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Beyond identifying targetable alterations, genomic methods can identify cancer-specific proteins that inform the design of personalized treatment and care.
FREMONT, CA: When the cancer was first described, there were just two forms. But in the late nineteenth century, physicians found that cancer had several cellular forms with the help of the microscope. Now, innovative technology is once again transforming the understanding of cancer's origins and complexity. Instead of extensive categorizations based on the location of tumors, genome sequencing offers detailed characterizations of the combination of genetic mutations that trigger cancer development in an individual. Several oncology researchers and practitioners study genetic alterations in cancer, but they either focus on tumor type or mutation that happens across tumors. A study focusing on precision medicine in cancer is now offering evidence that even more, comprehensive gene testing should be routine in cancer research, treatment, and care.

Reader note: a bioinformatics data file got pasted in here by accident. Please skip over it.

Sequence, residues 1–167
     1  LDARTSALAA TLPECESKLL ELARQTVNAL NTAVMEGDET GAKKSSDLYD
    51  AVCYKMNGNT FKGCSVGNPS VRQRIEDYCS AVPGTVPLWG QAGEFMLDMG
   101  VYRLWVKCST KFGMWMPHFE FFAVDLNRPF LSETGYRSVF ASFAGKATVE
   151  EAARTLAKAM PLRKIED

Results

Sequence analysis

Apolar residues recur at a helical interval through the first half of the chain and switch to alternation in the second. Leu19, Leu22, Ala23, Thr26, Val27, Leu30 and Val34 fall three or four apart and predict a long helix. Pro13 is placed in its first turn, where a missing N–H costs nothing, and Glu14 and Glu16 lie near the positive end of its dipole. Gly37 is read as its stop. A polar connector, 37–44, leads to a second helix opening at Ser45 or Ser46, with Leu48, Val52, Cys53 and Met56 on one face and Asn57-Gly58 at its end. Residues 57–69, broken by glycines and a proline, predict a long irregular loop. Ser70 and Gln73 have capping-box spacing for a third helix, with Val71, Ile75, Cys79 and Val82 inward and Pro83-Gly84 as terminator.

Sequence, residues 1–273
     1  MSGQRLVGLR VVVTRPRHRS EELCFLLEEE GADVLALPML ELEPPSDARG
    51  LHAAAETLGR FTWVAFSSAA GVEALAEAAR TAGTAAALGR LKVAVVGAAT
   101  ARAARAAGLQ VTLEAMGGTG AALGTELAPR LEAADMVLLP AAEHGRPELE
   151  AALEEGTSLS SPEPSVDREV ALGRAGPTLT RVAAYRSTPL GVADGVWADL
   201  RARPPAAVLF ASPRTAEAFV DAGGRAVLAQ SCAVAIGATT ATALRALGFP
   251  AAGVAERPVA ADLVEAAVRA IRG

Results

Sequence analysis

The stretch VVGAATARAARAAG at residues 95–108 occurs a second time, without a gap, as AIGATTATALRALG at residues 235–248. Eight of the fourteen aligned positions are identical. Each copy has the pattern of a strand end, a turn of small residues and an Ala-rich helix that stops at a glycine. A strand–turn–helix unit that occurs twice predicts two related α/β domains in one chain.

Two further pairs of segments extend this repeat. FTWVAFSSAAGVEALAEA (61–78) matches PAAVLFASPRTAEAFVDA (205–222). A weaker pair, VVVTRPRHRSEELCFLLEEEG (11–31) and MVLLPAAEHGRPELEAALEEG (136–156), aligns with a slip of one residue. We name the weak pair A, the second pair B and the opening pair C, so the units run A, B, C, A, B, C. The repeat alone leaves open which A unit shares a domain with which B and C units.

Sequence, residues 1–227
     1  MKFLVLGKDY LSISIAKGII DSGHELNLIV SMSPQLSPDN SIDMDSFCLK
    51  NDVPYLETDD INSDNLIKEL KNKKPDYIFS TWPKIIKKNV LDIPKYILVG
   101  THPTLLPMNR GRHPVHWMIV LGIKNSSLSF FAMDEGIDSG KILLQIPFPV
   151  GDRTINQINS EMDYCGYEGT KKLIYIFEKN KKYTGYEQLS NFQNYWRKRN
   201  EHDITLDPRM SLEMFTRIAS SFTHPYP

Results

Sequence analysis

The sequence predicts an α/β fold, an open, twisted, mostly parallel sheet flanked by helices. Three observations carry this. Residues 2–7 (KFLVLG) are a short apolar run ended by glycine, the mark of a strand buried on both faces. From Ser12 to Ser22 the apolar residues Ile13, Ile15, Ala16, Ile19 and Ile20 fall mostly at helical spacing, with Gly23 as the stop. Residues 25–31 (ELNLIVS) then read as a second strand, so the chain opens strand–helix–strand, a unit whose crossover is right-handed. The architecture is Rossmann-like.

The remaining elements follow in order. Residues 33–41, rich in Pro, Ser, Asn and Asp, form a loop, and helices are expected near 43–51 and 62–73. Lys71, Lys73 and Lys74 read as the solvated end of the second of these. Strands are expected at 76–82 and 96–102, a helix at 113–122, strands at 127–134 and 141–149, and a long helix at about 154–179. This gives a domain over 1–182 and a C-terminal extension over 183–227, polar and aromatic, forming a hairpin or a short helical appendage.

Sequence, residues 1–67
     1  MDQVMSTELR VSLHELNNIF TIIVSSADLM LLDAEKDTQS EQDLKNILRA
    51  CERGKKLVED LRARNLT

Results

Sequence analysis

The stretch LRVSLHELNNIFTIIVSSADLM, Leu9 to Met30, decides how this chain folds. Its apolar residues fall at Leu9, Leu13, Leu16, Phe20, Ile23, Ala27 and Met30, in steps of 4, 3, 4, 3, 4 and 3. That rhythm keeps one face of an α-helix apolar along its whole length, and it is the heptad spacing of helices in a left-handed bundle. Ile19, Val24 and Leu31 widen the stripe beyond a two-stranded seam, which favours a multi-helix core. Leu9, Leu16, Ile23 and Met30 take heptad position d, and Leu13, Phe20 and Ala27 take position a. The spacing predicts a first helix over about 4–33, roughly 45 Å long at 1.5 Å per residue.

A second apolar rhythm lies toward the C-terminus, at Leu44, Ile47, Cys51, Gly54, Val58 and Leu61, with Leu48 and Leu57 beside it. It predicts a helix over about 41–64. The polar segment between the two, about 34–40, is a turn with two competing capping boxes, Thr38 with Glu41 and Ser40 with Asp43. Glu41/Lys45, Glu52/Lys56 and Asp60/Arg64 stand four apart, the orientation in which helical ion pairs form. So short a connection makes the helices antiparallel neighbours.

As well as advancing understanding of what causes cancer, genomics is offering insights into how an individual's cancer might progress and its likely response to treatment. For some, this data will save their lives; knowledge of cancer's genetic drivers is already changing how some people's cancer is treated. For others, it only adds new data, not years to their lives or new treatment choices.
But each cancer-causing or cancer-influencing genetic mutation found is a potential target for drug development, including for cancers for which there are presently few treatment choices.
Identifying cancer-causing mutations can be vital to diagnosis, especially when it comes to hematological cancers. One of the major impacts that cancer genomics has treatment choices. Having the right diagnosis is the most vital determinant of getting the right treatment. The possibility of treating cancer-based on an individual tumor's genetic profile can cause a surge in patients' cancer-genome profiling.
Targeted therapies have become vital in cancer treatment and research. Efforts are also being made to tackle resistance to targeted treatments. The researchers believe their findings confirm the value of tumor gene testing to find the best treatment plan for patients and offer a roadmap for future precision medicine trials.